My suggestion to them and to you is that as Christians, we need to take Jesus’ statement to love the Lord our God with all our heart, and with all our strength and with all our mind and to love our neighbor seriously. And we need to take seriously the command, and yes it is a command, to love our enemies.

How do you do your job loving God?

What is work like when you love your neighbor?

What is work like when you love your enemy?

Can Zacchaeus do his job and follow Jesus?

Can you do your job and follow Jesus?

There is a web site called The High Calling that explores what it means to be a Christian in the workplace, and recently they published an interview with Mark and Nancy Duarte who run a design firm. Here’s part of their response to the question, How has your faith influenced you as executives?”

During the dot com bust, a client in San Francisco was shutting their doors and taking $220,000 of our dollars with them.  Companies here rise and fall but not all have to go into bankruptcy. We held all the cards to throw the company into bankruptcy because we assembled five vendors that had enough debt owed. A bankruptcy for a start-up CEO is a big scar on their record. We asked several Christian business people, and they all basically advised us to “push them into bankruptcy because the CEO isn’t a Christian and scripture only says not to sue a brother and besides…that’s how the game of business is played.”We assembled the other vendors and started calls with a lawyer but it just didn’t feel right. Then, our corporate chaplain called and said: “Haven’t you been freed from hell and death? How can you hold this tiny debt against them after all you’ve been forgiven?” That was all we needed to hear. We made the decision to forgive the debt. We were so happy with this answer and our decision that we walked to the park up the street from our office and danced. Literally, sang and danced. (You’ll note this is a California company, not a West Michigan company) Nancy called the CEO and told him we were dropping the case.  He was dumbfounded. Nancy told him “We believe in the teachings of Jesus. We’ve been forgiven of so much and we want to forgive you of this debt. Our only request is that you pay it forward some day.” He started a stunned, muffled reply, “My father-in-law, who is a great venture capitalist in the valley, just led me to the Lord six months ago. I never knew people actually lived this way at work. Thank you, thank you. I will pay it forward.”  We exchange emails with him every few years and he tells us each time that this was a defining moment he’ll never forget in his life. I never knew people actually lived this way at work.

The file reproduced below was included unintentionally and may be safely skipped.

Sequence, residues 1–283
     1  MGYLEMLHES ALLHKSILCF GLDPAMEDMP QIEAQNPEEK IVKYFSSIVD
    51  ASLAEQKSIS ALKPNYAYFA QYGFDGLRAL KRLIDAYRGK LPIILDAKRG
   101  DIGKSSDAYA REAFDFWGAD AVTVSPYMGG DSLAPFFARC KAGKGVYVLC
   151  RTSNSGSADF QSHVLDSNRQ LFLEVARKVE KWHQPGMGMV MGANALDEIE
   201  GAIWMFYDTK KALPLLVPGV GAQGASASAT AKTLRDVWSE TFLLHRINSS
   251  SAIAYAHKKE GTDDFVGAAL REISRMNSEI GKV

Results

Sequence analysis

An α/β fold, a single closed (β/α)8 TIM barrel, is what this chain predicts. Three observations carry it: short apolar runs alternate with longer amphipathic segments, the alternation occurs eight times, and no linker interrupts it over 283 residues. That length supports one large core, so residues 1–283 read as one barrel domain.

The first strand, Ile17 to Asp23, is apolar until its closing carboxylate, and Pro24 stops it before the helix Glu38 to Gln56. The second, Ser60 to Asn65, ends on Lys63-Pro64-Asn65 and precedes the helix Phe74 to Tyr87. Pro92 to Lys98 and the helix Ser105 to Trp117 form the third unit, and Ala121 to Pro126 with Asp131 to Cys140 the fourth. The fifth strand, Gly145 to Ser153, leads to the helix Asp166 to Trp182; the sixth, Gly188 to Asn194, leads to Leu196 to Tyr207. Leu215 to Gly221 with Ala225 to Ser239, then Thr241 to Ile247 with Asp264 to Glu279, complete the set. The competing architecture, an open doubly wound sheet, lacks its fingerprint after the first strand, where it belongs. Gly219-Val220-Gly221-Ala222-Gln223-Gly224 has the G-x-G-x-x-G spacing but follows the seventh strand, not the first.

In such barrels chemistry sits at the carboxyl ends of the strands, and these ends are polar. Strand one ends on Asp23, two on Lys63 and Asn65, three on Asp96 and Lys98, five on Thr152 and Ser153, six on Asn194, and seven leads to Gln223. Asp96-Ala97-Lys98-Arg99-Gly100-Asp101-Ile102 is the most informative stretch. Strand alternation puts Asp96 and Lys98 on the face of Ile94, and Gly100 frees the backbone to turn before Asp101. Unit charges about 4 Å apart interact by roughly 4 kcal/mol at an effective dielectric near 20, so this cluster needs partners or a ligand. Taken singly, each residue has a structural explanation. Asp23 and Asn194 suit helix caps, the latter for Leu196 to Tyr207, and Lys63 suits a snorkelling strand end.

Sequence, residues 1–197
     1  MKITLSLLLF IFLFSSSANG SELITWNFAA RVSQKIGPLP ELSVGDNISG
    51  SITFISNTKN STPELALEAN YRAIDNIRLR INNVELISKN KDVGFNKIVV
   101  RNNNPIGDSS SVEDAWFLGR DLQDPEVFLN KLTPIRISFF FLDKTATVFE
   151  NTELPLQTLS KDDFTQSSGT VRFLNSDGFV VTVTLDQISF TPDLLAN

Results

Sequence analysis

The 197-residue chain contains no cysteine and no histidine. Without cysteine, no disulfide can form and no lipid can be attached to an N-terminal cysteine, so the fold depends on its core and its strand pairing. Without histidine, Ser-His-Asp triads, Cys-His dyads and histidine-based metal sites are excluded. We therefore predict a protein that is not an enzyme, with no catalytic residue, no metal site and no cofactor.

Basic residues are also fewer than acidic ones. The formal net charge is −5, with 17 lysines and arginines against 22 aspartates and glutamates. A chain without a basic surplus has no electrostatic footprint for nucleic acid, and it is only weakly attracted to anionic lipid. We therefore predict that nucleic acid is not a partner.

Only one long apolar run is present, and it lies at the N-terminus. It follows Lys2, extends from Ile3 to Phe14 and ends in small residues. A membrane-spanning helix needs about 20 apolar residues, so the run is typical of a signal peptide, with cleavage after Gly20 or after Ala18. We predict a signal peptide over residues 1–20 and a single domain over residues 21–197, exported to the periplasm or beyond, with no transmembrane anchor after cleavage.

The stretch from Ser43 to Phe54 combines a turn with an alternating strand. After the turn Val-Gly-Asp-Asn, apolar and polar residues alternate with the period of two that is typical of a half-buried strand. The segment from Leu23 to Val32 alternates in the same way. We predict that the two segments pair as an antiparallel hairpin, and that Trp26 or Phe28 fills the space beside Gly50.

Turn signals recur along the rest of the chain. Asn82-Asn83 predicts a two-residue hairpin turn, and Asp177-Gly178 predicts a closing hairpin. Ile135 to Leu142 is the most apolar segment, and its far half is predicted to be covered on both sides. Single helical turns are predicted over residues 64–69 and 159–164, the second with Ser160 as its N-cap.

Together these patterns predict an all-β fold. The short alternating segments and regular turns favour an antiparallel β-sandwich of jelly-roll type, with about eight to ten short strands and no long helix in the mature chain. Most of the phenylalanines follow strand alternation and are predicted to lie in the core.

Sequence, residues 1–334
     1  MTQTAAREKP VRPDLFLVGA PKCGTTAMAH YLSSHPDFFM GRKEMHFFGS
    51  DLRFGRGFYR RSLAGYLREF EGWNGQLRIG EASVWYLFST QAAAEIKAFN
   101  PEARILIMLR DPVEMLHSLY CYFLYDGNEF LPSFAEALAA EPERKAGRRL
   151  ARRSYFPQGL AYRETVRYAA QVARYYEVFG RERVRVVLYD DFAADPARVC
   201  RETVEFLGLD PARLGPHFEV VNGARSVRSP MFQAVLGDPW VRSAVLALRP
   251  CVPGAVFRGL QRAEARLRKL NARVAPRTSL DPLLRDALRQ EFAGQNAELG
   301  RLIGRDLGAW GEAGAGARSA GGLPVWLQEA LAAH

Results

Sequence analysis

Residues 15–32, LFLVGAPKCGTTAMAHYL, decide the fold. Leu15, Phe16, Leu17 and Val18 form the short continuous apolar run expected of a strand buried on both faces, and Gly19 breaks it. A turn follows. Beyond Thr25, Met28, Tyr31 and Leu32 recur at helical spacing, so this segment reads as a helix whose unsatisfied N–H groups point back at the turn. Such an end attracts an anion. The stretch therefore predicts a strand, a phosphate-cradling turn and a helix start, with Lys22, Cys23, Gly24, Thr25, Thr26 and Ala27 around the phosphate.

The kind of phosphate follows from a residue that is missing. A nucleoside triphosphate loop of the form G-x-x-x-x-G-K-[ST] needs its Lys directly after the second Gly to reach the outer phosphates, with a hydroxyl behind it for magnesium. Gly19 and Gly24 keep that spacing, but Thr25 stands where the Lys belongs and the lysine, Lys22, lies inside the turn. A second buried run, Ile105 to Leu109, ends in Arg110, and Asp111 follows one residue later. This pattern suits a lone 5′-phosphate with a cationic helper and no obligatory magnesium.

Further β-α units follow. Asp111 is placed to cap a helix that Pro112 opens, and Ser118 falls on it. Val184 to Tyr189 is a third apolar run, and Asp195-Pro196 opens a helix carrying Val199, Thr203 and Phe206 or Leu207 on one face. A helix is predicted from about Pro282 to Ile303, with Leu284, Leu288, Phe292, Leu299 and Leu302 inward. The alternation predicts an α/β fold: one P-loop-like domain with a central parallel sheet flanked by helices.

What does this have to do with Zacchaeus?

We don’t know how things turned out for Zacchaeus. It doesn’t appear that he single handedly reformed the Roman tax system. He was a just a small amount of leaven in the Jericho loaf. His small as a mustard seed actions made life easier for families in his town. But as far as we know, Zacchaeus didn’t do what we would consider great things. Honestly, most of us don’t.

Because salvation has come to our house, just like Zacchaeus, we live as people who are deeply loved, who are forgiven, accepted and made new in Jesus Christ.

And that means we have a calling from God. And oddly enough we all have the same calling.

Really we do.

We’re called to love God and to love our neighbor. But each of us does this in different ways. We each have particular gifts and abilities. We each have skills and opportunities. Our call finds it’s expression in our relationships with coworkers, bosses, family and friends.